Pivotal Phase 3 clinical trial results presented at this year’s 28th International Symposium on ALS/MND reveal that Cytokinetics‘ investigational therapy tirasemtiv failed to provide a positive therapeutic impact on both muscle strength and slow vital capacity (SVC) in ALS patients.
The results, which were presented by Jeremy Shefner, MD, lead investigator of the Phase 3 VITALITY-ALS study (NCT02496767), noted that tolerability issues played a key role in in the study’s failure.
The VITALITY-ALS study sought to build off the company’s previous Phase 2b BENEFIT-ALS trial, which suggested that tirasemtiv had the potential to preserve slow vital capacity and strength over three months in study participants.
Results from BENEFIT-ALS, which included 711 patients from eight countries, revealed that tirasemtiv had potentially clinically meaningful benefits, slowing the rate of decline of slow vital capacity (SVC), a measure of lung function, when compared to patients treated with placebo.
In spite of previous promising findings, the drug failed to meet the primary endpoint of VITALITY-ALS: a positive change from patients’ baseline in SVC, which investigators measured 24 weeks after participants were randomized to receive either the drug at various doses, or placebo. A less than 1 percent change was noted in all three tirasemtiv doses tested versus placebo.
Additionally, the study’s secondary endpoint, which evaluated a change from baseline in the ALS Fuctional Rating Scale (ALSFRS-R), measured at 48 weeks into the study, also failed to show a clinically relevant improvement compared to placebo.
The 54-week trial randomized study participants with ALS into groups who received either one of three daily doses of tirasemtiv (250, 375, or 500 mg) or a placebo. The patients’ daily dose was increased every two weeks to either the target dose level established by the study’s design or to their maximum tolerated dose.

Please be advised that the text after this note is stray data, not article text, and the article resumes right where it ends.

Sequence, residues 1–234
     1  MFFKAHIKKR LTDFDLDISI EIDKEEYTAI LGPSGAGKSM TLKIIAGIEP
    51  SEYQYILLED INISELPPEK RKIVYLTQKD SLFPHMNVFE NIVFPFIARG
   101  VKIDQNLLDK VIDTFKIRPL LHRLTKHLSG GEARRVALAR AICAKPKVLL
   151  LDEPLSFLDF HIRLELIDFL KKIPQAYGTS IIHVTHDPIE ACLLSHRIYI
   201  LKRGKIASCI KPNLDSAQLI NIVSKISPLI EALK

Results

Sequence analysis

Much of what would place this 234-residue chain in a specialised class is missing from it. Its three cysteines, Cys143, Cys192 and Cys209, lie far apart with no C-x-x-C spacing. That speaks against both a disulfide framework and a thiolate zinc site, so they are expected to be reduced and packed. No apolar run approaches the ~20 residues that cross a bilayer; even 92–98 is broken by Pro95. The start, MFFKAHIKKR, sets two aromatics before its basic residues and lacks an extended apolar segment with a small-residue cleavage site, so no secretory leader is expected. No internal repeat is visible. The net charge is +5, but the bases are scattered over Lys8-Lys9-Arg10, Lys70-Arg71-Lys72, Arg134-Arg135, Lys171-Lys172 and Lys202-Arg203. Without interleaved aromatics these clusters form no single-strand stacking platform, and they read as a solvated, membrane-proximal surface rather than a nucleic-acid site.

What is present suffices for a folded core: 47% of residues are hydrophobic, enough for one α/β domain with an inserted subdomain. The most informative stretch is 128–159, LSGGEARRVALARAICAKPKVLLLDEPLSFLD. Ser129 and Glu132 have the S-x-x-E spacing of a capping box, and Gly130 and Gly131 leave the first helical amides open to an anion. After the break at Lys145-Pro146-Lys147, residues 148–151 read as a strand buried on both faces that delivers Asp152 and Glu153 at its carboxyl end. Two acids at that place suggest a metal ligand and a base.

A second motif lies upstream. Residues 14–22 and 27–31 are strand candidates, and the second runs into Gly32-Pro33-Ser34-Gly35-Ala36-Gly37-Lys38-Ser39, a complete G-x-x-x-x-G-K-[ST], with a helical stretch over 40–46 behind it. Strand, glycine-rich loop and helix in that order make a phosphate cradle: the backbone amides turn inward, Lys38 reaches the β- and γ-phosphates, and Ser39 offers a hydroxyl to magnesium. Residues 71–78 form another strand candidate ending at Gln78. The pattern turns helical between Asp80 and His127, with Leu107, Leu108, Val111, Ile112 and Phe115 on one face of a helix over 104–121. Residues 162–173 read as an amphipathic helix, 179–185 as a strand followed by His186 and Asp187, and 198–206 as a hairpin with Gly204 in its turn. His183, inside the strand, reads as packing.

A lack of tolerability to tirasemtiv, however, played a major role in the findings, with a large number of patients leaving the study early due to adverse events caused by the drug. Participants were randomized into the testing groups after two weeks of open-label tirasemtiv (125 mg twice a day) — a week longer than in BENEFIT-ALS.
Previous safety and tolerability profiles for tirasemtiv appeared satisfactory. In a Cytokinetics press release from 2012, similar early dosing levels were well-tolerated over a short period of time.
“Dr. Shefner concluded that CK-2017357 [tirasemtiv] appeared to be safe and well-tolerated dosed daily at 125 mg, 250 mg, and 375 for two weeks,” the press released stated, adding that “encouraging trends were observed in the ALSFRS-R and MVV.”
At the ALS/MND symposium, held Dec. 8-10 in Boston, Shefner acknowledged that “tolerability was a significant issue,” with only 65.8 percent of participants completing 24 weeks of treatment. It appears that the higher 500 mg dose used in VITALITY-ALS, as well as the longer testing durations of 24 and 48 weeks compared to previous studies, revealed the longer-term tolerability issues with the drug.
Interestingly, patients on the lowest dose experienced the highest point of effect from tirasemtiv.
Robert I. Blum, Cytokinetics’ president and CEO, stated in a press release that the company is “profoundly disappointed with these results,” but remains optimistic that insights from both the VITALITY-ALS trial as well as the previous BENEFIT-ALS study suggest that the mechanism of action central to Cytokinetics’ therapeutic technologies is still viable for treating ALS.
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